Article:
Does Plutoo feel that the new bug bounty program will affect the hacking community?
"It has had little effect on our scene, I think," said Plutoo. "I've always looked into Nintendo systems for fun and my own enjoyment. And I think that is true for most enthusiasts in the Nintendo hacking scene."
Rabet, however, does wonder if the program will have a chilling effect on collaboration between hackers.
"You don't want to share your bugs with someone who might just report them to Nintendo for money," said Rabet. "Console hackers have always been kind of private and paranoid about sharing their findings, but Nintendo actively incentivizing these reports will certainly not help people open up about what they're doing."
At the end of the day, the amount of work required for the payoff doesn't seem worth it. There are much easier ways to make good money in this field.
"It's likely that [the bug bounty program] will lead to more people from outside the traditional console hacking scene to look at Nintendo," continued Rabet. "But that probably won't happen for the Switch until it's already been broken publicly. The reason for that is while $20K might sound like a lot, that's the absolute maximum payout offered by Nintendo. It's probably [the payout] for breaking the console's deepest level of security, which means that getting there in the first place will require breaking through every other layer on the way. "
"Doing that just takes a lot of work: randomly probing attack surfaces for vulnerabilities, reverse engineering whatever binaries can be read back, and then actually exploiting whatever you find," continued Rabet. "At the end of the day, the amount of work required for the payoff doesn't seem worth it. There are much easier ways to make good money in this field."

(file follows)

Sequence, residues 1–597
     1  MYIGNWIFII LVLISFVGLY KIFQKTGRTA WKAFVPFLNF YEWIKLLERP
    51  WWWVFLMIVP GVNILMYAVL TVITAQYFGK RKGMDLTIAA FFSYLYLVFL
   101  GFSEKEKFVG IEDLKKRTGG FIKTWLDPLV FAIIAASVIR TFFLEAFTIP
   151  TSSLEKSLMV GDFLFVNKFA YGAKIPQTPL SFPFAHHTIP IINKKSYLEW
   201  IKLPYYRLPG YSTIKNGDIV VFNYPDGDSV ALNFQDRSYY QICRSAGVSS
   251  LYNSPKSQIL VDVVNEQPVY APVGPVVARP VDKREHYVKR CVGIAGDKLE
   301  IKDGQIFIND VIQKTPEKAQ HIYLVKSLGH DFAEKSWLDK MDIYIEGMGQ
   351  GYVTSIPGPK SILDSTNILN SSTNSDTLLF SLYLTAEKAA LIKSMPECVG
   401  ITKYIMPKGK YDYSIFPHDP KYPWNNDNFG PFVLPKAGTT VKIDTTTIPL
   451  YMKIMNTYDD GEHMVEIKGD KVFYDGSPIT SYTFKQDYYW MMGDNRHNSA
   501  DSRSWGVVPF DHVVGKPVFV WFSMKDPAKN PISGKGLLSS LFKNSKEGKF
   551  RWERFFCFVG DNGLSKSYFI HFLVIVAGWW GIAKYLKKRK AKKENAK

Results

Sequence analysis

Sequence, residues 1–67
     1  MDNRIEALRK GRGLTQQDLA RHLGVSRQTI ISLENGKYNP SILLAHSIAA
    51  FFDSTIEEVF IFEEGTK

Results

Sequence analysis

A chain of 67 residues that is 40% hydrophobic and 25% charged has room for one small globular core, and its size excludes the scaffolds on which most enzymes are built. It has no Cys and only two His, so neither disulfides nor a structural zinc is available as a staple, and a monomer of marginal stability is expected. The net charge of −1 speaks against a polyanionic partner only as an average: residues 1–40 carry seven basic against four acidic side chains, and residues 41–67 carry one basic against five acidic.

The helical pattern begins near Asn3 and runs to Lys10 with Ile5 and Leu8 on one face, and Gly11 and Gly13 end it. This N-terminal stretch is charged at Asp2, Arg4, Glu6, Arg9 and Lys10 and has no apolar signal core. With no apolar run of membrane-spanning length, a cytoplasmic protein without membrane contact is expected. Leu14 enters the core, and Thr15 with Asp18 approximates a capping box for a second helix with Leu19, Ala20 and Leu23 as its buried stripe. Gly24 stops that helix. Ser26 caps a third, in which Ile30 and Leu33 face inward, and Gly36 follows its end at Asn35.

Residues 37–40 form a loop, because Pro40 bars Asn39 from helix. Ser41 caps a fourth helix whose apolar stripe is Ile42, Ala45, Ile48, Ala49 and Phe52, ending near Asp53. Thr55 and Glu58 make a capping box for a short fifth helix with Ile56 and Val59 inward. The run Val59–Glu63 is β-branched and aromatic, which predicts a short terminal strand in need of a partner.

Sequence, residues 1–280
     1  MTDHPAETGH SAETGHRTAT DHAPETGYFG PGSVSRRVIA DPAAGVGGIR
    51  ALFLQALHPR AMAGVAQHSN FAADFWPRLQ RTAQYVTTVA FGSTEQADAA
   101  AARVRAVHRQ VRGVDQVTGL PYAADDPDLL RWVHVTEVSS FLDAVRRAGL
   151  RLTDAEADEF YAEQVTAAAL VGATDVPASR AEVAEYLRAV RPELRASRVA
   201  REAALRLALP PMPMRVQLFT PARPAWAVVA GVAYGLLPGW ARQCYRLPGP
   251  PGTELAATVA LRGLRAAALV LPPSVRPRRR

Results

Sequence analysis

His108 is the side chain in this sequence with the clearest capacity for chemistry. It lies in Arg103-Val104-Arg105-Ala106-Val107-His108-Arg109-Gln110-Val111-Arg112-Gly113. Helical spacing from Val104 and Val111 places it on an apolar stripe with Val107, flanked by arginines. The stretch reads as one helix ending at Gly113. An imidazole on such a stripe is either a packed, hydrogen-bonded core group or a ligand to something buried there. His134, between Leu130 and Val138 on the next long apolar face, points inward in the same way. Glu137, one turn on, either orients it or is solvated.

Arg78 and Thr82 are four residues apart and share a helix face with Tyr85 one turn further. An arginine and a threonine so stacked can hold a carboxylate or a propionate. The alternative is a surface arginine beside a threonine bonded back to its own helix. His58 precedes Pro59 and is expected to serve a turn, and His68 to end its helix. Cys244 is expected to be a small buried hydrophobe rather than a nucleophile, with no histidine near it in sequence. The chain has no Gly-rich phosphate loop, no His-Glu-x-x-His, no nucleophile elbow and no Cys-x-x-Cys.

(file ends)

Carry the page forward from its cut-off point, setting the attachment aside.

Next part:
And as for Rabet and Plutoo's potential participation in the bounty program? Nintendo shouldn't hold its breath.
"I don't think I'll ever participate under the current rules, as they require that the finder never disclose his or her findings publicly," said Rabet. "I feel like my work has more value published than not. That said, I respect what Nintendo is doing, and I typically do not release exploits using critical vulnerabilities until after they've been patched. In that sense, I wouldn't be opposed to entering the bounty if I could retain the right to do whatever I want with the vulnerability details after the fact. Currently, however, that doesn't seem possible."
"I like Nintendo. They give me puzzles to break, and I have nothing against giving something back in return," said Plutoo, who concedes that the program is a great initiative. "But if I were to report something, I'd like to play with it before it gets patched. The Switch bug I have right now? I have no plans to put it to the bounty."